Advertisement

Intercultural Competence: Examples of Internationalizing the Curriculum through Students’ Interactions

  • Susana Eisenchlas
  • Susan Trevaskes
Chapter

Abstract

In our increasingly globalized societies, there is a growing need for us, as educators, to perceive ourselves as ‘citizens of the world who are comfortable with diverse peoples’ (Harrigan & Vicenti, 2004, p. 119). Thus the development of intercultural communication is recognized as one of the key competences required of future graduates, and has become enshrined in all Australian Universities’ Mission Statements. Despite this recognition, there has been no comprehensive blueprint to explain how this imperative translates into the classroom situation. If universities are to prepare graduates that can communicate appropriately in a number of contexts and settings, then it may be more efficient to create situations where students can develop this competence through meaningful interactions. This chapter discusses three such approaches that use the international student population and the local migrant community to introduce, practice and negotiate cultural understandings in the target language.

Keywords

International Student Chinese Student Intergroup Contact Intercultural Communication Local Student 
These keywords were added by machine and not by the authors. This process is experimental and the keywords may be updated as the learning algorithm improves.

Preview

Unable to display preview. Download preview PDF.

Unable to display preview. Download preview PDF.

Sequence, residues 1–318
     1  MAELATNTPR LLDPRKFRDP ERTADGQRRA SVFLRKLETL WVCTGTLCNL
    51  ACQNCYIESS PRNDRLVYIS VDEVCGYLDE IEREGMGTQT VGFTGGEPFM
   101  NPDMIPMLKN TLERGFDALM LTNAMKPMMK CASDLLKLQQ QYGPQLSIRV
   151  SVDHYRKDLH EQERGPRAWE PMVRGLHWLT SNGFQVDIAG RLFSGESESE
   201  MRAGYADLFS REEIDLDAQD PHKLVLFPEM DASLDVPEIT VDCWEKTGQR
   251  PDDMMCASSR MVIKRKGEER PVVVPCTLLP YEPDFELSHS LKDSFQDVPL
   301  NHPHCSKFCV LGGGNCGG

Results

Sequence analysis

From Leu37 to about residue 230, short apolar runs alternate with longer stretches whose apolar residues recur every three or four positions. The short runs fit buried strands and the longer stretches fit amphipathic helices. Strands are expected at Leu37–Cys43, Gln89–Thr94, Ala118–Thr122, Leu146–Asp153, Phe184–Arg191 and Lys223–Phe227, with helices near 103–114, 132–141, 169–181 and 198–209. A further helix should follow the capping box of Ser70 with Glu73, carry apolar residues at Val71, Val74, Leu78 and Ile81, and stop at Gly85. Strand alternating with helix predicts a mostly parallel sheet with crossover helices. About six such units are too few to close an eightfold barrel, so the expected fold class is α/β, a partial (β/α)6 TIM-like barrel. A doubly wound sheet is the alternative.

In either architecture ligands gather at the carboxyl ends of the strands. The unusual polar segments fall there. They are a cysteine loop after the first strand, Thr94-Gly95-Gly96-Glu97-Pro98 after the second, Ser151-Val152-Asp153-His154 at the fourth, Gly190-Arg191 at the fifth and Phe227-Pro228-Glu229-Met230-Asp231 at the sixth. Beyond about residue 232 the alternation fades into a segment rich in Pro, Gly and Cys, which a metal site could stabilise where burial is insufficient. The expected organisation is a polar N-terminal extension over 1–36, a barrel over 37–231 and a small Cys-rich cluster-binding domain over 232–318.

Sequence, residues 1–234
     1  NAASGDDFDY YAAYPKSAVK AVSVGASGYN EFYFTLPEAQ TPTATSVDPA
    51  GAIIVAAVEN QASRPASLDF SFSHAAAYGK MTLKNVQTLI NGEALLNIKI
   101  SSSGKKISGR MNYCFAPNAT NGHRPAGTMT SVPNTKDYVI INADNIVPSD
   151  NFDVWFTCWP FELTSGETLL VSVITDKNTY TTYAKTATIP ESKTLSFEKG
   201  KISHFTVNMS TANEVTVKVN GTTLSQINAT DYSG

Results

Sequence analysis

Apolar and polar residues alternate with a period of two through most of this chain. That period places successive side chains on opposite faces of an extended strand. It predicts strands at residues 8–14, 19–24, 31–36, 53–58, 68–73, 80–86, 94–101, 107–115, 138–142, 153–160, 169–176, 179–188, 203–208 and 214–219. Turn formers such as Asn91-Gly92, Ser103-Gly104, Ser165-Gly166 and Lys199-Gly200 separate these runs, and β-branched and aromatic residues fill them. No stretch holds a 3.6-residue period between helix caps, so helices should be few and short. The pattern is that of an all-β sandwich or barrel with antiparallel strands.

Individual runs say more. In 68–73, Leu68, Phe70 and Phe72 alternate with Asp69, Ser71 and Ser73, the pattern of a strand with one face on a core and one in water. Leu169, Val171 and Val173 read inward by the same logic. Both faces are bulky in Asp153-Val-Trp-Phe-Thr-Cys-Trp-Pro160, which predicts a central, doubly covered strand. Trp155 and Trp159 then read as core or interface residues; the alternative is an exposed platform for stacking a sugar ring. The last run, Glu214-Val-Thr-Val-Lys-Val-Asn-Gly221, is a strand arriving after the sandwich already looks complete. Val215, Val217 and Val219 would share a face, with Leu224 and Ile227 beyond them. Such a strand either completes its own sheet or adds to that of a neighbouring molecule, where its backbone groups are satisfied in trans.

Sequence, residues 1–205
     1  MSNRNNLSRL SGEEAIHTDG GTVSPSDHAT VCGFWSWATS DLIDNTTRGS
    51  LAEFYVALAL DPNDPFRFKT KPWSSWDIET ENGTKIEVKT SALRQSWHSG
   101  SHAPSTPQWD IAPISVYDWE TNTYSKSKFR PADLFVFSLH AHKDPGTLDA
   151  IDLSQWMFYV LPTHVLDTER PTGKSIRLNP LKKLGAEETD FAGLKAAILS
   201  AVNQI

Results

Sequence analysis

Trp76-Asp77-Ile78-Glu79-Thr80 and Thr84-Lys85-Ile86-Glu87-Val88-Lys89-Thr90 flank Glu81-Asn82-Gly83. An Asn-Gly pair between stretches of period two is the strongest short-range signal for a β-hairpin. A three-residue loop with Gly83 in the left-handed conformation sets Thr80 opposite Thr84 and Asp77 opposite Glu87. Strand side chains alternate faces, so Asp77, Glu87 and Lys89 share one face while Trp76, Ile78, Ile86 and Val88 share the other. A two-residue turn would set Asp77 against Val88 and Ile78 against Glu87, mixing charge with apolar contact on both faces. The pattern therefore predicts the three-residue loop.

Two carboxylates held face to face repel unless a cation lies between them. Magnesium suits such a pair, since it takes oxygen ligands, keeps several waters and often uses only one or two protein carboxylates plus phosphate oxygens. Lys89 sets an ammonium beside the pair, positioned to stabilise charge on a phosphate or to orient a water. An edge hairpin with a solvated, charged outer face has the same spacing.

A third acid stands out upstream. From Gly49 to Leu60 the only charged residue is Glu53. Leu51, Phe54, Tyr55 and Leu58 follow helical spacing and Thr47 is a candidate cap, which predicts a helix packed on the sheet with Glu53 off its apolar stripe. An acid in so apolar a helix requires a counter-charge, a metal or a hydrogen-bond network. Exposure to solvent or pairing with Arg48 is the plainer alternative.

Resources

  1. Dlaska, A. (2000). Integrating culture and language learning in institution-wide language programmes. Language, Culture and Curriculum, 13 (3), 247–63.CrossRefGoogle Scholar
  2. Knight, J. (1999). Internationalisation of higher education. In J. Knight & H. de Wit (eds). Quality and internationalisation in higher education (pp. 13–28 ). Paris: OECD.Google Scholar
  3. Kramsch, C. (1991). Culture in language learning: A view from the United States. In K. de Bot, R. B. Ginsberg & C. Kramsch (eds), Foreign language research in cross-cultural perspective (pp. 217–40 ). Amsterdam: Benjamins.CrossRefGoogle Scholar
  4. Yang, R. (2002). University internationalisation: Its meanings, rationales and implications. Intercultural Education, 13 (1), 81–95.CrossRefGoogle Scholar

Copyright information

© Palgrave Macmillan, a division of Macmillan Publishers Limited 2007

Authors and Affiliations

  • Susana Eisenchlas
  • Susan Trevaskes

There are no affiliations available

Personalised recommendations